How to fit tubular tyres

How to fit tubular tyres

Compared to the other types of tyre (Tubetype and Tubeless Ready), the tubular tyre has a number of differences that make it more time-consuming and complicated to fit.  

Not only is it glued to the rim, but it is also sewn directly around the inner tube, which means that replacing it means changing the whole assembly. Fortunately, our experts are here to guide you. In this article, they will take you step-by-step through the process of fitting a tubular tyre. 

Before you start, note that this instruction guide applies to both road and cyclocross tubular tyres. 

What equipment do you need to fit a tubular tyre? 

A tubular tyre cannot be fitted to just any bicycle wheel. If you are planning to fit a tubular tyre for the first time, make sure your wheel is compatible. 

Bear in mind that it can be glued with tape or glue. We therefore recommend that you have the following equipment, depending on the gluing option you choose: 

  • Specific glue or adhesive for tubular tyres
    Make sure you use a gluing product that has been designed for tubular tyres (i.e. not just any glue, if you opt for glue), as it must be able to withstand the rise in temperature associated with braking. Many tubular wheels are still fitted with pad brakes, which heat up the area next to the tubular where the glue has been applied. Ordinary glue is unlikely to withstand this friction. 
  • A brush to apply the glue to the tubular and rim
    If you opt for glue (we'll also look at how to use adhesive below), you'll need a brush to spread it. 
  • A pair of gloves
    As the glue can be messy, we also recommend that you wear gloves if you opt for this type of gluing. 

Removing the tubular 

If the wheel has already had a tubular tyre, the glue will have to be removed, which can take some time and involve certain difficulties. We'll take you through the steps, but if you don't feel comfortable with this operation, don't hesitate to take your wheel to a professional for fitting.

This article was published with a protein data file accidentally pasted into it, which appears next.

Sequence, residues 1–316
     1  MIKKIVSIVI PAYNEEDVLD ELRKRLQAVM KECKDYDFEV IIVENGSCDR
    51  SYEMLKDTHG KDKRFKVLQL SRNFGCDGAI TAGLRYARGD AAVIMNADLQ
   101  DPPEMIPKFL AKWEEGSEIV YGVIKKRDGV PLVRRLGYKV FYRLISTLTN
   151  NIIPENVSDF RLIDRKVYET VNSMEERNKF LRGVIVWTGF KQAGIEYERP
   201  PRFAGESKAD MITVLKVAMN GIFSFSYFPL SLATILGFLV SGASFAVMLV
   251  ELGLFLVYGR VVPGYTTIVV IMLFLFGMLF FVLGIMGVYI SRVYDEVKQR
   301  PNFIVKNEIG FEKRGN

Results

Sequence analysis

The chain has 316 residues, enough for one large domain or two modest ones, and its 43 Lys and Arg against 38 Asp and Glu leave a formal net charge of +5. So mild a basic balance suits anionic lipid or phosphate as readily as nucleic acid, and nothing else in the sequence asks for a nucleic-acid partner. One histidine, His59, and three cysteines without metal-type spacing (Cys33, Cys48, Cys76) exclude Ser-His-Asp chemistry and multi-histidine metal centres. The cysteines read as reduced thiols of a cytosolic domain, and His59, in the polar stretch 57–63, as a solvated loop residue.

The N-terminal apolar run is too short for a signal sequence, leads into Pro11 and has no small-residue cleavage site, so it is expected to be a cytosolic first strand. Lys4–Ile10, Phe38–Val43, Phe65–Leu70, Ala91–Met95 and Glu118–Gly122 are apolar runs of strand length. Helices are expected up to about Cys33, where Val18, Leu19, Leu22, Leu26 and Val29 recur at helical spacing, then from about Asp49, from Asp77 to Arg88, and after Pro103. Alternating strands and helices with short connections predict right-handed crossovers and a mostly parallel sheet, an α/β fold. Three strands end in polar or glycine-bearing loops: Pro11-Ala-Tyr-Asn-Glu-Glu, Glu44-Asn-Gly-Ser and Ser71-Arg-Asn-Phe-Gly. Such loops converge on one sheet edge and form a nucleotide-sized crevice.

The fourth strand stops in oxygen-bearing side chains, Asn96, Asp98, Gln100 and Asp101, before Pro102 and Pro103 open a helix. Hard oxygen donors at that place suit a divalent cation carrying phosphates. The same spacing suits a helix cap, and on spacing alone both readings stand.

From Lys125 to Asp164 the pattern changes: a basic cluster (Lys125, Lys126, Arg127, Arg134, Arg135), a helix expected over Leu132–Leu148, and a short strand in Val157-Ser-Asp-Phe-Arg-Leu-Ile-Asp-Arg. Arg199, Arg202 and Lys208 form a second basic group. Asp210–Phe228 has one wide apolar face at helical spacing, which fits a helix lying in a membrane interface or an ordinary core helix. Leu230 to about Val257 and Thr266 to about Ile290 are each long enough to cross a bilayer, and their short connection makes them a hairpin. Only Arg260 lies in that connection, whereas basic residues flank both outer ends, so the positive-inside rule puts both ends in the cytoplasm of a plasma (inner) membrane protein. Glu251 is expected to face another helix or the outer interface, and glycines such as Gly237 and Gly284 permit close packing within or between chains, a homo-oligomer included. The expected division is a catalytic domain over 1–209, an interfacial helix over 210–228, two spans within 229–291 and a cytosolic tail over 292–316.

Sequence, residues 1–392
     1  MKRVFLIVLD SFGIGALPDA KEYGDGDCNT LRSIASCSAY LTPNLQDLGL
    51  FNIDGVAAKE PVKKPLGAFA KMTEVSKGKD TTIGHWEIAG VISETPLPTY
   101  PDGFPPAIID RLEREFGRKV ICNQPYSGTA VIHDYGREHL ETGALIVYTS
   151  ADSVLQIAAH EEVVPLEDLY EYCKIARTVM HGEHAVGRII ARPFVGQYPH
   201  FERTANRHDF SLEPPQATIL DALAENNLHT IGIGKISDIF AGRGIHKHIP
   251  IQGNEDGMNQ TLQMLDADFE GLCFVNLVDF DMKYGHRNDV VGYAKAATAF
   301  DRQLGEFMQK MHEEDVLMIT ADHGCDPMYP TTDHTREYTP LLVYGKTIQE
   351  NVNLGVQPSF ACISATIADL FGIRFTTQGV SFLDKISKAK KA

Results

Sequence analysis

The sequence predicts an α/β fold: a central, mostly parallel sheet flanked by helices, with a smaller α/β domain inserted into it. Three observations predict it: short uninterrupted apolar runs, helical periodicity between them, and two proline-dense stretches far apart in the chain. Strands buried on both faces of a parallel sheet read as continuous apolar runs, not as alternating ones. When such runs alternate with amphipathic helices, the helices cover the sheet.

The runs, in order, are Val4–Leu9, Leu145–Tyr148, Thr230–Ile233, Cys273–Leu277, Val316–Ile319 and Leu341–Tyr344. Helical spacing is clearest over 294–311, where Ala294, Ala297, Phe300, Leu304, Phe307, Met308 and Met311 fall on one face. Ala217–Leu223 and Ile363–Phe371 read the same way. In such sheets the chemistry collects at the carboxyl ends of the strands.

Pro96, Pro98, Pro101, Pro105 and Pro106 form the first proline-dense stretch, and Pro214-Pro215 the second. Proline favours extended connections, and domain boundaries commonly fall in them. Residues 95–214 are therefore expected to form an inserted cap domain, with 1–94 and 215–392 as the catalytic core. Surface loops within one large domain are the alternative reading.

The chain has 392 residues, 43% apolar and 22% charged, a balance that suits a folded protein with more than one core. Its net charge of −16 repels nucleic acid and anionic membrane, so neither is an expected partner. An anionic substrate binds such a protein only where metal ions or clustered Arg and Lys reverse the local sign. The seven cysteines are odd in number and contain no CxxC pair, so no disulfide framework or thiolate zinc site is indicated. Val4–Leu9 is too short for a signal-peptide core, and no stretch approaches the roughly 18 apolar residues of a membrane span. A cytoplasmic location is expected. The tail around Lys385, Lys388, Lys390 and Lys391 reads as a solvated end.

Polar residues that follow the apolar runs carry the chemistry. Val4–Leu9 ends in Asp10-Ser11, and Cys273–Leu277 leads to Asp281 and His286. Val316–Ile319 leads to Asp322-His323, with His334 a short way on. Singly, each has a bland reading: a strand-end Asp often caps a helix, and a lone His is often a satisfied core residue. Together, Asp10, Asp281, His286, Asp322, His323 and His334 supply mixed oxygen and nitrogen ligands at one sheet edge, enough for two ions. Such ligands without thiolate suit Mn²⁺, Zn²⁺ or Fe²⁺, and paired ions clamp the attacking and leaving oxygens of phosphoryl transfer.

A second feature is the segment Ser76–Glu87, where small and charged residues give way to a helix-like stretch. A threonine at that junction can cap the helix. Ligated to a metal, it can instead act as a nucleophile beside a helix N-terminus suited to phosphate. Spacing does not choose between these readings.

1 - To be done 24 hours before assembly 

The diameter of the tubulars is small compared to the diameter of the wheel so that they securely stay on the rim once mounted. To stretch it up a little, we recommend that you pre-inflate the tubular 24 hours before fitting the tubular tyre so that it starts to stretch, giving it more elasticity when you lay it down. 

2 - Remove the tubular 

Always start removing your tubular from the opposite side to the valve. 

Start by peeling off the edges of the tubular as much as possible by hand.  

Repeat this operation on both sides to remove the entire tubular from the rim. Using a flat-head screwdriver can make the operation easier but is not recommended, since there is a high risk you will damage the rim and tubular. 

When you have succeeded in peeling off part of the tubular from the rim, you simply need to pull on it to remove the rest entirely. 

3 - Remove glue residues 

The next step is to remove the glue residues from the rim. If you don't do this, it could create an imperfection that could cause the wheel to jump when it turns, due to the extra thickness. 

The professionals use a screwdriver to remove the first layer, taking great care not to damage the wheel. This is not recommended for beginners as it could scratch the carbon of the wheel and damage it. 

You can finish off by using adhesive paper to remove any remaining glue. The idea is to obtain an even surface all around the rim. 

4 - Stretch the tubular 

Before mounting a tubular, you must stretch it. Inflate the tubular to the max recommended pressure, close the valve and let it sit overnight. 

Fitting the tubular 

Make sure the valve is long enough in relation to the rim. If necessary, add a valve extender.